Li-Ion battery formats

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sTeamTraen
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Li-Ion battery formats

Post by sTeamTraen » Thu Apr 01, 2021 8:54 pm

With the exception of a couple of Nokia mobile phone models in the early 2000s, I don't think I have ever owned two rechargeable devices that used the same size and shape of Li-Ion battery.

I can understand that the entire battery pack of, say, a laptop needs to be a particular shape to integrate with the rest of the case, but even then "I would have thought" (in an ignorant lay person kind of a way) that there might be a way to make that outer package such that the cells inside could be generic models of a standard size.

Are there any [emerging or proposed] standards for form factors for these, along the lines of AAA-AA-C-D 1.5v cells? Maybe the impending EU "right to repair" rules will change this?
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Re: Li-Ion battery formats

Post by Martin Y » Thu Apr 01, 2021 9:31 pm

I have the impression there are some standard cell formats for laptops but a battery will incorporate a number of them in a custom-fit package used in a particular range of lappys.

Some electric car converters I follow on YouTube have been expressing regret that big manufacturers seem set to move away from battery packs made in simple generic blocks (which they find easy to repurpose) in favour of custom shaped batteries which are formed to fit the specific floor pan of a model of car so will be really hard to reuse in any other vehicle.

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Re: Li-Ion battery formats

Post by sTeamTraen » Thu Apr 01, 2021 9:59 pm

Martin Y wrote:
Thu Apr 01, 2021 9:31 pm
I have the impression there are some standard cell formats for laptops but a battery will incorporate a number of them in a custom-fit package used in a particular range of lappys.

Some electric car converters I follow on YouTube have been expressing regret that big manufacturers seem set to move away from battery packs made in simple generic blocks (which they find easy to repurpose) in favour of custom shaped batteries which are formed to fit the specific floor pan of a model of car so will be really hard to reuse in any other vehicle.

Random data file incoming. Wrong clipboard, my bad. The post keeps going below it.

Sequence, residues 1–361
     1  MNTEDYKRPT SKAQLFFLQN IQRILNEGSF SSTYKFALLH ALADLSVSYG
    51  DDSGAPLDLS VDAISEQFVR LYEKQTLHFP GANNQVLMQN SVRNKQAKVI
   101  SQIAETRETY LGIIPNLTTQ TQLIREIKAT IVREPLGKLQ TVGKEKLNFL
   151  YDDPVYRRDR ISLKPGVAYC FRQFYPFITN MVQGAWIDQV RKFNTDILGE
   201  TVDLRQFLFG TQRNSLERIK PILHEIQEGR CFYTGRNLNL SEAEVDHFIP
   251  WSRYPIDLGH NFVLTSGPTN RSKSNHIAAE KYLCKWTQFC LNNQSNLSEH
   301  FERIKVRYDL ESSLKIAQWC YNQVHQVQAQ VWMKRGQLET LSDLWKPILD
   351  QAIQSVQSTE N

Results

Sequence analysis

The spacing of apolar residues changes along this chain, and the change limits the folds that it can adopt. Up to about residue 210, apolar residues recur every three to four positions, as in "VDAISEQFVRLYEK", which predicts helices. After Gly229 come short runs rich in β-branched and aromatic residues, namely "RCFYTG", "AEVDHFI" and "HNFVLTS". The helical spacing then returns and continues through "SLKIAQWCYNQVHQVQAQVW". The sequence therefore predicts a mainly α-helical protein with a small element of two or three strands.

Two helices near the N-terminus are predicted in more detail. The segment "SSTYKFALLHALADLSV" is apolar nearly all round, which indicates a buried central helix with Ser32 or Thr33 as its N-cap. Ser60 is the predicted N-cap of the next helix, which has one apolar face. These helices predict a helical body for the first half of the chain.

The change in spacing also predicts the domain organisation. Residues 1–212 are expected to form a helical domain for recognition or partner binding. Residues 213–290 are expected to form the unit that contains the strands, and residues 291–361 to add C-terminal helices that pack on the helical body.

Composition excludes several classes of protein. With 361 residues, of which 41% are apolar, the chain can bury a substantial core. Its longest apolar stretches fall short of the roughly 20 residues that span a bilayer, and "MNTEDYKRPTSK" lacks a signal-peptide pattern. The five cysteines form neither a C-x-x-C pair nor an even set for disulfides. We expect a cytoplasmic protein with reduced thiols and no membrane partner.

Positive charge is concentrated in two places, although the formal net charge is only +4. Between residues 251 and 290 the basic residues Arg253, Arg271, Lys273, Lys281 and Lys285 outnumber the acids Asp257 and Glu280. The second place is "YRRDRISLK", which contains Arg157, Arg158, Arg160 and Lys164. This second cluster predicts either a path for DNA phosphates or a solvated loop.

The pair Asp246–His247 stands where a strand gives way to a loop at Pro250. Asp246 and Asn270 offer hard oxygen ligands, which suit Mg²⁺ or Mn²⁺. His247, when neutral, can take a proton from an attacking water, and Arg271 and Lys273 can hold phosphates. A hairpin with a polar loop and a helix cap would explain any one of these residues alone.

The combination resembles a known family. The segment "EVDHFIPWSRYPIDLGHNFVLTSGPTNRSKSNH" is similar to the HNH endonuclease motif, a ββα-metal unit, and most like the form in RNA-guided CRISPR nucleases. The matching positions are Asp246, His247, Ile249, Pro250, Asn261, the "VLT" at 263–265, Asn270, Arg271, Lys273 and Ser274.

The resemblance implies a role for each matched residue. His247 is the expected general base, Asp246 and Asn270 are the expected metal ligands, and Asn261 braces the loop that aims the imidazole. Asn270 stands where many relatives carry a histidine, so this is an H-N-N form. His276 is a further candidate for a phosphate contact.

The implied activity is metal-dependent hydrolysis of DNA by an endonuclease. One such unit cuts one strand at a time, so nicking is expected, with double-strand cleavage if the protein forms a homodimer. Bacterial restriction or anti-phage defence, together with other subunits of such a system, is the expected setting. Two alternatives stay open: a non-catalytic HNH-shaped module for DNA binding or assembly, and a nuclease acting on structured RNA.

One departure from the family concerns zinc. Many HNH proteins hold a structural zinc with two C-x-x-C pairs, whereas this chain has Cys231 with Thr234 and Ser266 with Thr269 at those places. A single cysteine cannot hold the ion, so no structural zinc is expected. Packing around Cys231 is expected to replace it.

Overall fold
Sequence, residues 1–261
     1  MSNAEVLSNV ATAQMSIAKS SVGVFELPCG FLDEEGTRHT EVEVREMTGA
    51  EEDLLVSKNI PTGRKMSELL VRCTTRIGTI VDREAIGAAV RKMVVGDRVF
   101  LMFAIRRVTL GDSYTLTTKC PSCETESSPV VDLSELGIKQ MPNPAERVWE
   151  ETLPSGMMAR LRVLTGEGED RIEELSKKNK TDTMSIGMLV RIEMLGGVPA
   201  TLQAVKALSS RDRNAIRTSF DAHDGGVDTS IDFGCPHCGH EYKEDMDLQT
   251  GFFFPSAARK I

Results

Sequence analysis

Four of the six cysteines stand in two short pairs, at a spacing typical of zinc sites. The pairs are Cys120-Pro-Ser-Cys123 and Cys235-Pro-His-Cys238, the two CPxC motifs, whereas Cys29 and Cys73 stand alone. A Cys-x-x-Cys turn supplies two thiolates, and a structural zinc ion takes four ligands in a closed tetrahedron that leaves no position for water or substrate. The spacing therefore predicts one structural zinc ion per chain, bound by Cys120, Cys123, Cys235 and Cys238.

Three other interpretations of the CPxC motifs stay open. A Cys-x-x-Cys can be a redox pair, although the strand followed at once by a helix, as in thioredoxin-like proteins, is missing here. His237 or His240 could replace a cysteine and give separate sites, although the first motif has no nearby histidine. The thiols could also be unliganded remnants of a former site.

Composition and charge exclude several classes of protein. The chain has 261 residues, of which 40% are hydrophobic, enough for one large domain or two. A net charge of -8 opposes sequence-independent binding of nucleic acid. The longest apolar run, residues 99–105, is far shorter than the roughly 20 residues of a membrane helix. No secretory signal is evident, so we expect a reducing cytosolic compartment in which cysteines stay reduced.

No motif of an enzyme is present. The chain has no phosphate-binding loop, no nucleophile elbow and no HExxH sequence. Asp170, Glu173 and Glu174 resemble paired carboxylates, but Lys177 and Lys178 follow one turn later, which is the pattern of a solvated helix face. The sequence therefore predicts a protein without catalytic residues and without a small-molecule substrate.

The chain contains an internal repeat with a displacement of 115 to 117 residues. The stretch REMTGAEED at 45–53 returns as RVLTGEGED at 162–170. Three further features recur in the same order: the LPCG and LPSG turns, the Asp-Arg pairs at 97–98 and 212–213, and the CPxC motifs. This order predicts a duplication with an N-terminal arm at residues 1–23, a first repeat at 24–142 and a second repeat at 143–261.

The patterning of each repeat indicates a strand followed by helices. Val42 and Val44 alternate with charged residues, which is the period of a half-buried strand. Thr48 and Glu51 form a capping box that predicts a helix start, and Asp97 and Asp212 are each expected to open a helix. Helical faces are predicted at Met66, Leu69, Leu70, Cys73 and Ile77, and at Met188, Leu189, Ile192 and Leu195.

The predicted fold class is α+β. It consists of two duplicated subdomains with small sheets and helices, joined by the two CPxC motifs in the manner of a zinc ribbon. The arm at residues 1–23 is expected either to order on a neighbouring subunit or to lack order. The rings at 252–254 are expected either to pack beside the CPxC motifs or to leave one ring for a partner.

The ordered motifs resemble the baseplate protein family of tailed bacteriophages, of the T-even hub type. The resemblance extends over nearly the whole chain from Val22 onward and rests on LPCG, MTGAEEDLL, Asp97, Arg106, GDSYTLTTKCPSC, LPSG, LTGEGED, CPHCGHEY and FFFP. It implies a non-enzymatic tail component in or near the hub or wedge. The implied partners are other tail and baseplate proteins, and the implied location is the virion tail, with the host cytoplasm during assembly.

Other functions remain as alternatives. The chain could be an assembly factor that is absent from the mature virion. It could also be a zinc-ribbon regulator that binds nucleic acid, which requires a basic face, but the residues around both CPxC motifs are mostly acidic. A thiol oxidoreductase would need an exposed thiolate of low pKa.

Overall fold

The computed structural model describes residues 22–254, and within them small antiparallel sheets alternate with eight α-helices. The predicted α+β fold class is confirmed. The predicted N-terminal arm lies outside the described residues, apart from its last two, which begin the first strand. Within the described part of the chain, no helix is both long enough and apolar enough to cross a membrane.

One of the things putting me off an electric car is the exposure of the owner (and, even more so, a subsequent second-hand buyer) to the risk of battery failure. I've seen four-figure prices quoted to replace some fraction of the cells in the Nissan Leaf. And for the e-Golf (at least, the early model I looked at), the field replacement part for the battery is... the entire battery (about €16,000 to you, squire). Renault's "own the car, lease the battery" model for the Zoe, at about €70 per month (including unlimited free charges at a Renault dealer) starts to look like a sensible way to go at that point.
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Re: Li-Ion battery formats

Post by Martin Y » Thu Apr 01, 2021 10:24 pm

I've become more reassured about battery reliability thanks to our very own Death of Fossil Fuels thread, where it's been explained that the original Leaf is a bit of an outlier as it didn't have the liquid cooling system which manufacturers now recognise is vital to long battery life, and that we can realistically expect batteries now to outlast the cars they're fitted in. (Which admittedly does rather make it look less sensible to make the battery only to fit one car.) I also gather that the battery-leasing option proved to be much less popular than had been imagined.

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Re: Li-Ion battery formats

Post by Martin_B » Fri Apr 02, 2021 1:00 am

My sister has just bought a second-hand hybrid Corolla from the Toyota dealer, and was told that the battery had a 20-year guarantee.

I'm not sure if Toyota have significantly better battery technology than anyone else (doubtful), and considering even hybrids are due to be phased out within the next ~20 years, I'm not sure that it's anything to be too worried about for car batteries.

It would be nice if other battery formats standardised, but from what I recall from my old radio-controlled car racing days, the rechargeable batteries followed the AAA-AA-C-D format of standard non-rechargeable batteries, albeit sometimes without the ability to recharge to full 1.5 V output (often only got ~1.2-1.3 V, but sustained power output for longer, so couldn't get quite the top speed cars using non-chargeable batteries got, but could go at full power for longer in the race!)
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Re: Li-Ion battery formats

Post by dyqik » Fri Apr 02, 2021 1:35 am

sTeamTraen wrote:
Thu Apr 01, 2021 9:59 pm
Martin Y wrote:
Thu Apr 01, 2021 9:31 pm
I have the impression there are some standard cell formats for laptops but a battery will incorporate a number of them in a custom-fit package used in a particular range of lappys.